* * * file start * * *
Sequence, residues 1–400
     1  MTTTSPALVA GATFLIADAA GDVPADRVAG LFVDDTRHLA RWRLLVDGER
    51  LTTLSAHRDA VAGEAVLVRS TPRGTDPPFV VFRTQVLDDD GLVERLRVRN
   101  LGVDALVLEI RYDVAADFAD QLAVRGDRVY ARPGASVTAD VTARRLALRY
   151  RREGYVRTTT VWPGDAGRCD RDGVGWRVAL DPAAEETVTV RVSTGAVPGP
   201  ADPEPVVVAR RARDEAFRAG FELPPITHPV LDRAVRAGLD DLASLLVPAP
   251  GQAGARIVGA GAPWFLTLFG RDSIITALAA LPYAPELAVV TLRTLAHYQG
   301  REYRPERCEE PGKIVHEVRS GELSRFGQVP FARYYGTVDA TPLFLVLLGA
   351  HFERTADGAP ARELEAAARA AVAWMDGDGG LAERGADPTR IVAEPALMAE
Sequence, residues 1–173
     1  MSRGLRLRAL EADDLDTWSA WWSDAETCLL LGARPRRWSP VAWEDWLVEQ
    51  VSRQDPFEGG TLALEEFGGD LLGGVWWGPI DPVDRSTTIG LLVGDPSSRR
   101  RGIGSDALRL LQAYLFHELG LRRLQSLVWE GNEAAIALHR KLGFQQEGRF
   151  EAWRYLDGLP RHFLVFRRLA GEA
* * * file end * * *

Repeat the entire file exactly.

Sequence, residues 1–400
     1  MTTTSPALVA GATFLIADAA GDVPADRVAG LFVDDTRHLA RWRLLVDGER
    51  LTTLSAHRDA VAGEAVLVRS TPRGTDPPFV VFRTQVLDDD GLVERLRVRN
   101  LGVDALVLEI RYDVAADFAD QLAVRGDRVY ARPGASVTAD VTARRLALRY
   151  RREGYVRTTT VWPGDAGRCD RDGVGWRVAL DPAAEETVTV RVSTGAVPGP
   201  ADPEPVVVAR RARDEAFRAG FELPPITHPV LDRAVRAGLD DLASLLVPAP
   251  GQAGARIVGA GAPWFLTLFG RDSIITALAA LPYAPELAVV TLRTLAHYQG
   301  REYRPERCEE PGKIVHEVRS GELSRFGQVP FARYYGTVDA TPLFLVLLGA
   351  HFERTADGAP ARELEAAARA AVAWMDGDGG LAERGADPTR IVAEPALMAE
Sequence, residues 1–173
     1  MSRGLRLRAL EADDLDTWSA WWSDAETCLL LGARPRRWSP VAWEDWLVEQ
    51  VSRQDPFEGG TLALEEFGGD LLGGVWWGPI DPVDRSTTIG LLVGDPSSRR
   101  RGIGSDALRL LQAYLFHELG LRRLQSLVWE GNEAAIALHR KLGFQQEGRF
   151  EAWRYLDGLP RHFLVFRRLA GEA